homeWelcome, sign in or click here to subscribe.login




print  email to a friend  reprints add to mydjc  
Building Green 2004

March 11, 2004

How to make the most of your green building

  • Owners and tenants need training and commitment

    Photo courtesy of GGLO
    Alcyone will offer a tenant education program to complement its sustainable design approach. The project, built by Rushforth Construction, will be complete in May.

    With the explosion of interest in sustainable design and green building technologies, there is an avalanche of information available on design principles, materials, construction practices and their environmental benefits.

    Designing and constructing a green building is becoming more achievable every day. But what happens after the project is built? What about the relationship between the building and its inhabitants? How effectively do they sustain each other?

    Whether you own or manage a green office building, school, municipal facility or residential development, sustainable operations and maintenance are the keys to long-term benefits for owners and users.

    Sustainable buildings are often called high-performance buildings. And as any car enthusiast will confirm, high performance also means regular maintenance and knowledgeable operation.

    With the wealth of information about sustainable projects, there are accounts of good ideas gone bad. Wonderfully daylit office spaces have made glare problems for computer users; innovative air-circulation systems had to be replaced by costly HVAC systems due to operational misunderstandings; and low-VOC and recycled materials were damaged by common cleaning materials.

    From basic strategies of building orientation and layout to enhance natural lighting and solar gain, to complex HVAC and energy management systems, every green building strategy is an expression of the goals and aspirations of its stakeholders.

    Each project is designed to offer the user a variety of benefits, ranging from reduced utility costs to improved quality of life. The challenge is realizing those benefits over the long term.

    Strategies to ensure that your facility remains green throughout its occupancy include operations and maintenance training, user education and green maintenance.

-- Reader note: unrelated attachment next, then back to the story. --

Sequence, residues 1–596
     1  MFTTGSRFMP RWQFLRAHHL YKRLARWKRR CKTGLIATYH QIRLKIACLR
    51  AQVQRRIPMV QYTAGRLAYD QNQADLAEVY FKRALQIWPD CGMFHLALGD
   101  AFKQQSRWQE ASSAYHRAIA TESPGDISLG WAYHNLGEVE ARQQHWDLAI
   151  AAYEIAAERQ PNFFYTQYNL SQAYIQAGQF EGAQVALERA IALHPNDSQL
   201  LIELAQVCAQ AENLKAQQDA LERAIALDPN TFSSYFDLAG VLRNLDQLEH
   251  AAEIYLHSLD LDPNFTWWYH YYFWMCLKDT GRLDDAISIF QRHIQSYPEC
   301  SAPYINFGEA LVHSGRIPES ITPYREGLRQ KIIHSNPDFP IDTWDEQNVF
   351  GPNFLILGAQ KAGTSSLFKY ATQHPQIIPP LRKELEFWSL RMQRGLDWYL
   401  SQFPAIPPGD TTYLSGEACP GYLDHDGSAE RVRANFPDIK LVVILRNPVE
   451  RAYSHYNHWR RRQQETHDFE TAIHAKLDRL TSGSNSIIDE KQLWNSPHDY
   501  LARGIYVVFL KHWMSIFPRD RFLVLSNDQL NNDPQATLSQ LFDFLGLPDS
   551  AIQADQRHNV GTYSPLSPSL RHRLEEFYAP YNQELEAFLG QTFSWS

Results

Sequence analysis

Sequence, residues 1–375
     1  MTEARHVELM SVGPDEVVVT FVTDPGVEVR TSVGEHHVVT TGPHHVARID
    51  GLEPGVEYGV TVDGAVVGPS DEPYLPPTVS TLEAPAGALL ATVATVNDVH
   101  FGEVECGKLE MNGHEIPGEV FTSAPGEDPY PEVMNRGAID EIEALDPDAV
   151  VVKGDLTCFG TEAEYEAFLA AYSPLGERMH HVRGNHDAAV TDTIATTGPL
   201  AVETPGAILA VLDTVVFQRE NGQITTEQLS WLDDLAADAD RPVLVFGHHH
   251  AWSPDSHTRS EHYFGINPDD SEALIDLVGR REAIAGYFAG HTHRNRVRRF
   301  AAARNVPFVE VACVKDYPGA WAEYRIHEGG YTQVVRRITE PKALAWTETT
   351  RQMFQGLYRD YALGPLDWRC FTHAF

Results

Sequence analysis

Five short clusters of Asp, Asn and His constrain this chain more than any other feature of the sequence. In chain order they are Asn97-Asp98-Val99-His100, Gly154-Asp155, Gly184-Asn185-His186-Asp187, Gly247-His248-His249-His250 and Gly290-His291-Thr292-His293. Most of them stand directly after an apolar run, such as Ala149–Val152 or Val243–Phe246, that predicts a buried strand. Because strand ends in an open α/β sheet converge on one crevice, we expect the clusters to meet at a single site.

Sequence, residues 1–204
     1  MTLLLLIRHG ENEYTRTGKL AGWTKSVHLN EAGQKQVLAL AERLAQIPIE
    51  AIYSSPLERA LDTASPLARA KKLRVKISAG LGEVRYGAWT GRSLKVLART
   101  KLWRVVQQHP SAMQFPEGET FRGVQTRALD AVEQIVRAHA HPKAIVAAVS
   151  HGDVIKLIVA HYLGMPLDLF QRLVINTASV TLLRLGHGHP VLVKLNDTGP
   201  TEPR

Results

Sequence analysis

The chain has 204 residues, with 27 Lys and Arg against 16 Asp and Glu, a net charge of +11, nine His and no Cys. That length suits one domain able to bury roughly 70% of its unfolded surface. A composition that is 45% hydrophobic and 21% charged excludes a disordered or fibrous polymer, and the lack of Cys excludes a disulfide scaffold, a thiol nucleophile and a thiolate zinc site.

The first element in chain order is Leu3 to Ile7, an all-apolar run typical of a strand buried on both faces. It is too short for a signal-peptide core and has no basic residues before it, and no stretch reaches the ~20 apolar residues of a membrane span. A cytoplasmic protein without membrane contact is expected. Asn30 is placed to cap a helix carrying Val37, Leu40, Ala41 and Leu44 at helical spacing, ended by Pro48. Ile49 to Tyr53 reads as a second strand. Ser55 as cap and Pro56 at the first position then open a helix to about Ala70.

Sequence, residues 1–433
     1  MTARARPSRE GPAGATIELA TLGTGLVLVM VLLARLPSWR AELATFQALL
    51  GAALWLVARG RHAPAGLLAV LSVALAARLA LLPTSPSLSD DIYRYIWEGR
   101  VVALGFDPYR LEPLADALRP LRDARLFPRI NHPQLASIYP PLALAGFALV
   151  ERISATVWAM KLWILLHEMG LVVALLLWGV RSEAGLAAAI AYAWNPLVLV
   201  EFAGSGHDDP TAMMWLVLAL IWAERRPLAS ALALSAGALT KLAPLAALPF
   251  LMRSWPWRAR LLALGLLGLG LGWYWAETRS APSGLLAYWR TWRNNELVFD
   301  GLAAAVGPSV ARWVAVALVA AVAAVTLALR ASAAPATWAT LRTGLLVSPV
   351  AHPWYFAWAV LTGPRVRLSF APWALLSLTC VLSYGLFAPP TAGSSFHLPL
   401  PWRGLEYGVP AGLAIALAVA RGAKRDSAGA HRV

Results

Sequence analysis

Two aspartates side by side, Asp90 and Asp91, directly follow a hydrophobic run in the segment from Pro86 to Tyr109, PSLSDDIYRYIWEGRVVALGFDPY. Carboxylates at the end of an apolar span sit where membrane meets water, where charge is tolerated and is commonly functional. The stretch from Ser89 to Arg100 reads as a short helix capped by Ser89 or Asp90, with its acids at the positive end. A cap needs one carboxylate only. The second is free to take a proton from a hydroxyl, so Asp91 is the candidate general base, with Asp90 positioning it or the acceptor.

Building commissioning

    A successful sustainable building begins with an integrated design process that is carried through construction. Including operations and maintenance staff in project progress meetings is an important way to inform material and equipment choices and specifications.

    Building commissioning is also an excellent method for recording the owner's understandings and expectations about building performance and confirming that mechanical and electrical systems function as intended.

    An understanding of the HVAC system design and operation parameters is essential to maintaining indoor air quality and thermal comfort. Operations and maintenance manuals are a normal part of building closeout procedures.

    But beyond product cut sheets, documenting the specifics of system design and operation as part of a commissioning plan is necessary to convey the dynamics of operable windows, alternative approaches to air intake and circulation, and individual system controls.

    The process does not end with the commissioning plan. At the end of construction, a commissioning agent tests building systems and provides a report organizing operation guidelines, maintenance requirements and training procedures. Often the commissioning agent will continue to monitor the building for its first year or two of operation.